Academic journal article Genders

The Lack of Chinese Lesbians: Double Crossing in Blue Gate Crossing

Academic journal article Genders

The Lack of Chinese Lesbians: Double Crossing in Blue Gate Crossing

Article excerpt

[1] Although no critic has noted this, it still appears trite and painfully embarrassing to proclaim: "There are no lesbians in Chinese societies." After all, it is almost a cliche to argue that sexuality is a construct. Thirty years ago, Michel Foucault in The History of Sexuality examined how power structures in the nineteenth-century had defined homosexuals as a "species," repressing and at the same time, defining them, giving a voice to the love that dares not speak its name. Following Foucault, historian Jonathan Ned Katz traces the etymology of the terms "homosexual" and "heterosexual" only to uncover that their definitions change over the century. He concludes: "Radical social constructionists ... posit the historical relativity of sexual behaviors, as well as of identities, meanings, categories, groups, and institutions. Such relativity theory ... remains subversive ... for it challenges our stubborn, ingrained idea of an essential eternal heterosexuality and homosexuality" (179). It is hardly a great leap to apply the relativity theory to the word "lesbian." Indeed, Judith Halberstam argues that "lesbian" is a term produced by the politicized powers "of the rise of feminism and the development of what Foucault calls a homosexual 'reverse discourse'" in the mid to late twentieth-century and since the term is situated in a specific time, it "cannot be the transhistorical label for all same-sex activity between women" (51). By extension, neither can the term "lesbian" be transnational if it means differently to women in different cultures. Hence, discourses on sexuality ought to be culturally and historically specific.

[2] However, given the hegemonic academic hold of Western discourses and the lack of lexicon regarding sexuality in the Chinese language, it is impossible that terms are not translated. "Queer" is translated into "ku'er" and "homosexuality" into "tongxing ai" or "tongxing lian" (which literally means same-sex love). Even though "tongxing lian"is translated from the West, in its mistranslation, something is transmogrified, lost, and reconfigured for "tongxing lian" or same-sex love, an emotion, is not the same as the clinical species of homosexuality. Furthermore, in translating Chinese back to English, there is a double crossing, a doubly "lost-in-translation"-ness. In the Chinese lexicon, "lesbian" is a translated word from the West. If thoughts are defined by words, then in the Chinese imagination, there are no "lesbians." In this article, I will examine the consequences of the nondescript "lesbian" in Chinese societies through Blue Gate Crossing (2002), a contemporary coming-of-age Taiwanese film about a teenage "lesbian" and the film's engagement with Western discourses. While I appreciate that China and Taiwan (and other countries with large Chinese populations) are affected by globalization in different ways, I have conflated the countries as "Chinese societies" since my analysis focuses on how the Chinese language acts as a reverse discourse to Western theories.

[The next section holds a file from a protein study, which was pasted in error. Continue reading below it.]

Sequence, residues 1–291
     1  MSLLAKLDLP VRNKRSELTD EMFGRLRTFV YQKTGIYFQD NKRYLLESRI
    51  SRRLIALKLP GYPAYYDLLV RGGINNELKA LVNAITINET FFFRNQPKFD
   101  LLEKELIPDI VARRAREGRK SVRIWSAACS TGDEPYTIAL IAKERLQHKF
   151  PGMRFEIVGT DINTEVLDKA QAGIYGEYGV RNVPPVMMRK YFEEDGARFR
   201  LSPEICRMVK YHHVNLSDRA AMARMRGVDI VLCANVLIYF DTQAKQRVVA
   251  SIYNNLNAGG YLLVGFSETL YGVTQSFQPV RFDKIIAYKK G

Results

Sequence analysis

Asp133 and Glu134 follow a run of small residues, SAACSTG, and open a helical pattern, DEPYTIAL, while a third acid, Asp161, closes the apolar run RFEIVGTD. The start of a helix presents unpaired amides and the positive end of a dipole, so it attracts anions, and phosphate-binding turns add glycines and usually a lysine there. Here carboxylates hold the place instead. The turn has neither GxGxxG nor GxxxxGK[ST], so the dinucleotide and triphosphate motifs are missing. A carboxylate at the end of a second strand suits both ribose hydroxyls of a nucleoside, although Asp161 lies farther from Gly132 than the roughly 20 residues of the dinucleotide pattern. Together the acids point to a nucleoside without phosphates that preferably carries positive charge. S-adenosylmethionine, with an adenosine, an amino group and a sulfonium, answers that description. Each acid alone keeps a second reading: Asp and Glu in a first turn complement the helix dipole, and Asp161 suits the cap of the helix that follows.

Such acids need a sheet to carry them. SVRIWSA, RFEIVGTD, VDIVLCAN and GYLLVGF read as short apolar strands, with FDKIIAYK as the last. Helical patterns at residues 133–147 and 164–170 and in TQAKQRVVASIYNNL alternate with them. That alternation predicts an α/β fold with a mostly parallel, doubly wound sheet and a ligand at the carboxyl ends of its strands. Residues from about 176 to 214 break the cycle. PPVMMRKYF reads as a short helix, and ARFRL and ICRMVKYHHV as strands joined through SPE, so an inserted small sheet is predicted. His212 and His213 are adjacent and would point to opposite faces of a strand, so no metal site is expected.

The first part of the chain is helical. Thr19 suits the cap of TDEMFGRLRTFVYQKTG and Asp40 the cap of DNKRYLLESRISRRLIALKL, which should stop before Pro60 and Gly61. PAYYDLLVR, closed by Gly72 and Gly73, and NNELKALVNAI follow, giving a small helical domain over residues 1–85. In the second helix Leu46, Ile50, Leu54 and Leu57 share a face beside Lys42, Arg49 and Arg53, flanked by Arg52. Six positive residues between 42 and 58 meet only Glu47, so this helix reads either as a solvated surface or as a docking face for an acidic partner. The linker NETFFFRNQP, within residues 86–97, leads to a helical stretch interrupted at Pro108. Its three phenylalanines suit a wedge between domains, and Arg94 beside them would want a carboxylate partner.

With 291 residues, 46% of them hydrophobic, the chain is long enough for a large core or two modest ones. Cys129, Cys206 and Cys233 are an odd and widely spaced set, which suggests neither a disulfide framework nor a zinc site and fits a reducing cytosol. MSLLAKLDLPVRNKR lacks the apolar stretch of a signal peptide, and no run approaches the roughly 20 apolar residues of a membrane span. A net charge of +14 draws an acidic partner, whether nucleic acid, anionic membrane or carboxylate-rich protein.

Burdensome Names

[3] While Katz and Halberstam argue from a social constructionist's point of view, the more basic fact that there is no neologism for the term "lesbian" in Chinese lexicon points out that there are truly no "lesbians" in Chinese societies. Tze-lan Sang uncovers the genealogy of the word "tongxing lian" in her book, The Emerging Lesbian, although she overlooks the term she is more interested in--"lesbian." When one mentions "tongxing lian," one usually refers to the male homosexual. A "lesbian" is a "nu tongxing lian" (a female homosexual), a mere addition of the word "female" as a prefix to "homosexual": it is hardly a translated word. Furthermore, as Wah-shan Chou evinces in his book, Tongzhi, not many in Chinese societies identify with the terminology of "tongxing lian." Judith Butler in "'Dangerous Crossing'" remarks, "At issue is how to read the name as a site of identification, a site where the dynamic of identification is at play" (Bodies 143). …

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